Located on the ruins of the former headquarters of the SS Security Service and the private offices of the fearsome Heinrich Himmler. This modern Berlin museum shows us a complete collection where terrorism applied by National Socialism in Germany is treated.
The public museum is completely free and you can access a complete digital audio guide, which is available in several languages and tells us in detail the history of each photograph, placing us in the historical context. What makes it a virtually obligatory museum to understand the history of the Nazimos.
On the outside of the museum you can see the archaeological remains of the former prisoner cells of the gestapo, where opponents of the Nazi regime were held, tortured and interrogated. In addition, the original remains of the wall of the famous Berlin are exposed here, which passed right through the front of the current museum.
Across the street from the Museum of Topography of Terror, we find one of the few large Nazi era buildings that are still standing: the former Luftwaffe headquarters, the German air force.
Its construction began in 1935 with the idea of housing inside the Reich Ministry of Air. Its colossal size makes it one of the main exponents of Nazi Architecture, which was marked by monumentalism. Curiously despite its central location, this building was virtually unharmed by the Allied bombings on Berlin during the war, a fact that aroused conspiracy theories.
During the time of the German Democratic Republic the building was known as Haus der Ministerien, the House of Ministries and after the German reunification, it houses inside the current German finance ministry.
The Führerbunker, Hitler’s personal bunker and the top leaders of the Third Reich, is located just meters from the famous Brandenburg Gate, in what were once the gardens of the former Reich Chancellery. This was the place where on April 30, 1945 Hitler took his own life, beset by the constant bombardment of the enemy artillery and the Soviet troops that were already fighting in the capital, which assured a sure defeat for German.
Although on the surface you can only see an information plate in a parking lot of a group of houses, about 8 meters underground the bunker is still almost intact, since attempts to dynamit it, little damage could be done to its walls
almost four meters thick, built in concrete and steel. Since the end of the war the doors of this bunker were closed with concrete and since then no one could enter, forever hiding its secrets.
In the Jewish quarter Berlin we will meet Block der Frauen or “Women’s Block”, a monument that honors women who fought for the release of their husbands unjustly detained for simply belonging to the Jewish community during the dark years of the Nazism. A memorial that recalls the resistance of the Berlin people to Nazism and the Jewish Holocaust.
This monument tells us the story of the last great attack on the Jewish community in Berlin by the Nazis in 1943, when the arrest of 1,800 men was ordered to take them to Auswitch. These men were considered “privileged” Jews, a category that until then was exempt from deportation and other anti-Semitic norms because they were married to German women.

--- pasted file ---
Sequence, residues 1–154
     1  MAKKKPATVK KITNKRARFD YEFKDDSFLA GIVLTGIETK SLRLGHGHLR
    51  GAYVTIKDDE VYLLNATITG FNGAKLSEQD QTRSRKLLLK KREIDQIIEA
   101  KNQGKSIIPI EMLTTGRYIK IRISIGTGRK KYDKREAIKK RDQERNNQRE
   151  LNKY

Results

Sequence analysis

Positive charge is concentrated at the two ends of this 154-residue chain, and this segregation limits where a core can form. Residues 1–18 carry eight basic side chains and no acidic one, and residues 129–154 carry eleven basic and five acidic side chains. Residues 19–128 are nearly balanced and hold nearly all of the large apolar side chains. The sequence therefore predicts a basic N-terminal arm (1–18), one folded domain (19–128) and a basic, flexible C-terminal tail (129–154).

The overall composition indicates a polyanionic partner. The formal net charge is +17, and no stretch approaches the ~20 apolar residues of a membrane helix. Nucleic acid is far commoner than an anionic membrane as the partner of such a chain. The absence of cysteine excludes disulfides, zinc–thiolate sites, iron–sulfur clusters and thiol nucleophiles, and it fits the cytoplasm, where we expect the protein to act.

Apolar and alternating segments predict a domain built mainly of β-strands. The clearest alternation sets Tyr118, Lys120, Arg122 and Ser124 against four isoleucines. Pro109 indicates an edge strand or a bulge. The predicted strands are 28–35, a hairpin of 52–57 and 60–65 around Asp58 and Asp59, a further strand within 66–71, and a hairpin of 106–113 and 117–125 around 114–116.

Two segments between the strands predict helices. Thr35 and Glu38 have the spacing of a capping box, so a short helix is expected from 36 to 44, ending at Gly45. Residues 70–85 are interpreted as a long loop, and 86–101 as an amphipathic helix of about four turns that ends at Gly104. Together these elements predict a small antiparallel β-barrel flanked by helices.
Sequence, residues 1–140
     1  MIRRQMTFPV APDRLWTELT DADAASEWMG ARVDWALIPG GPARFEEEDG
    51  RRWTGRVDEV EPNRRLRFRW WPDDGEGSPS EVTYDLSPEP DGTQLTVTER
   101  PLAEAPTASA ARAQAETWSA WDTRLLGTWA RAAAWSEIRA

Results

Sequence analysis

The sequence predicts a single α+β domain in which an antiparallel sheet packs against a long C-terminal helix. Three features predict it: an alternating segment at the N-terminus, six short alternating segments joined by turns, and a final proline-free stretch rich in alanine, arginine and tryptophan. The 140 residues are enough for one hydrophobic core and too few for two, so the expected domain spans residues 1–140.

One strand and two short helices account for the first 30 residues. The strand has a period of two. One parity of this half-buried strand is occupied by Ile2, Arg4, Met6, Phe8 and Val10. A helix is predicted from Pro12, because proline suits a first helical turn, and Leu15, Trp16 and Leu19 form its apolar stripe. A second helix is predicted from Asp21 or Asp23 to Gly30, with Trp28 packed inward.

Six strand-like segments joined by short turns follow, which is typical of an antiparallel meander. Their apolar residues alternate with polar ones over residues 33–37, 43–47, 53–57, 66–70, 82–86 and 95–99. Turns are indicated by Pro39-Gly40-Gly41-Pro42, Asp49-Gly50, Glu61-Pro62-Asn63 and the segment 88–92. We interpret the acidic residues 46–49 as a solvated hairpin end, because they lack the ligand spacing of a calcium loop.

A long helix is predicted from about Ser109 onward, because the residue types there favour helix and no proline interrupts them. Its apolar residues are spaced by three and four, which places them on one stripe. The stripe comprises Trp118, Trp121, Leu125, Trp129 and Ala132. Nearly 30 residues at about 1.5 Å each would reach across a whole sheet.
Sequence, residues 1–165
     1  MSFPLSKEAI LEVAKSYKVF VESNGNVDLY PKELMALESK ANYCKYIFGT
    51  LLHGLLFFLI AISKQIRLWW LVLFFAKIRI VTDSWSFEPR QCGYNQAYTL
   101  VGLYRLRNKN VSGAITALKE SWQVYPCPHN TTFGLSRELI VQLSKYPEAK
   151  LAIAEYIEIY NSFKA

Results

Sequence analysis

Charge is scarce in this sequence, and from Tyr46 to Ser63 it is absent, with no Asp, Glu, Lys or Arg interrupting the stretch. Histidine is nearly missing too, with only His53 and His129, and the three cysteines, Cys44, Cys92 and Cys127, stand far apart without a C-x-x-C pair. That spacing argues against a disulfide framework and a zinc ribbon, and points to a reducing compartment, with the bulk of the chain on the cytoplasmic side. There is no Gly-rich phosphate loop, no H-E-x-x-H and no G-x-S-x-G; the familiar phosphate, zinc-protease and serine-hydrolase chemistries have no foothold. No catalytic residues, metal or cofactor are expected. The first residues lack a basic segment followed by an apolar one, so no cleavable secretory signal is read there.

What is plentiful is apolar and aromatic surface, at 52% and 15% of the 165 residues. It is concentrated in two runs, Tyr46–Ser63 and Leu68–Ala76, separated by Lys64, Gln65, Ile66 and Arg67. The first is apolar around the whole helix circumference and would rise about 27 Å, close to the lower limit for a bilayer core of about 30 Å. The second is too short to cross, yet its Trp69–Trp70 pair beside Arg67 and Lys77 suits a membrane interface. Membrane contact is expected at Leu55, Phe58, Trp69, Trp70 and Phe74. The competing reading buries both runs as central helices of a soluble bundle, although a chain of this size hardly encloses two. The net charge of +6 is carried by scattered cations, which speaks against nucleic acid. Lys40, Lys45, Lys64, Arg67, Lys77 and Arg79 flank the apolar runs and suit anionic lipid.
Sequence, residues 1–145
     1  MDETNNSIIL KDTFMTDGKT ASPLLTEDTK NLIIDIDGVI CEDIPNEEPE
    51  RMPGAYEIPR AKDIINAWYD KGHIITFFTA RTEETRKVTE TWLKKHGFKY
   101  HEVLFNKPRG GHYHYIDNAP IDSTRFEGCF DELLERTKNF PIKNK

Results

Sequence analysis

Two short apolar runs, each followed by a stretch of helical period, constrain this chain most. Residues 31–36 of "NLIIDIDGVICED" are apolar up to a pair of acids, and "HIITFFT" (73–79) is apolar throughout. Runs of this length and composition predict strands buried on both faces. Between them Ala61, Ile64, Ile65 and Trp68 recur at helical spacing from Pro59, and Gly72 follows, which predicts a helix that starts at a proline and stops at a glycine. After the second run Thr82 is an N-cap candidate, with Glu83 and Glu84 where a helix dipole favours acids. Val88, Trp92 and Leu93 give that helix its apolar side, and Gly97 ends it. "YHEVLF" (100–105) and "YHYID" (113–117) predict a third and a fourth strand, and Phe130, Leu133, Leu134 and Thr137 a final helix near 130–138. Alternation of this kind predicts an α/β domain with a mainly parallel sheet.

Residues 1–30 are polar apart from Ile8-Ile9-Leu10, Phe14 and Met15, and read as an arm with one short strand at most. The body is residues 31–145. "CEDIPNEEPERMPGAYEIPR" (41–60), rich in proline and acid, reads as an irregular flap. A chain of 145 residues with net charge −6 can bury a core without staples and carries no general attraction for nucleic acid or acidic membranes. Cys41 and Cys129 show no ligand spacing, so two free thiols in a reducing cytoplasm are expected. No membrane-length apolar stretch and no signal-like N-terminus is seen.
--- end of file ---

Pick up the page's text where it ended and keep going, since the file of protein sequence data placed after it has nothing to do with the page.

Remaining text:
After their arrest, their wives and other close relatives demonstrated in the streets defying Nazi authorities for almost a week. These peaceful manifestations of women came to gather a total of about 6,000 people at the same time. Achieving unprecedentedly that the members of the SS released the prisoners.
This colossal bunker of almost 6,500m² was built in 1942 for the protection of the civilian population of Berlin in case of air strikes. Its construction was carried out in just one year thanks to the use of thousands of forced workers.
Today it is a tourist attraction with a museum even called “Berlin Story Bunker”, where guided tours are made inside, where we can learn about its history, as well as other historical exhibitions. Here we can see what daily life was like in confinement, the plans for its use and its actual use during World War II, in addition to what happened to the bunker after the War. Although undoubtedly one of his most interesting exhibitions is the one that recreates Hitler’s personal room in neighboring Führerbunker, the one where the dictator took his own life.
On the outskirts of Berlin we can still see the remains of the former Nazi concentration camp in Sachsenhausen. This terror center was built in 1936 to massively confine and liquidate political opponents, Jews, gypsies and homosexuals, as well as prisoners of war and in their last days Jehovah’s Witnesses. It is estimated that approximately 30,000 prisoners were killed within the camp, which served as a test model for what will be replicated in other concentration camps in the rest of Europe occupied during the war.
After the war, Sachsenhausen expanded into a system of around 60 subfields, which provided slave workers to the entire armament industries of Berlin, as well as providing forced workers for the city’s infrastructure works, such as the construction of air raid shelters. .
Once the war was over, Sachsenhausen was left in the hands of the Soviet army which would make it the special Field number 7 of the NKVD. In a twist of destiny this former camp would become a prison for the alleged collaborators of the Nazis within the civilian population, such as Nazi government officials and former German military., Until it was finally closed in 1950.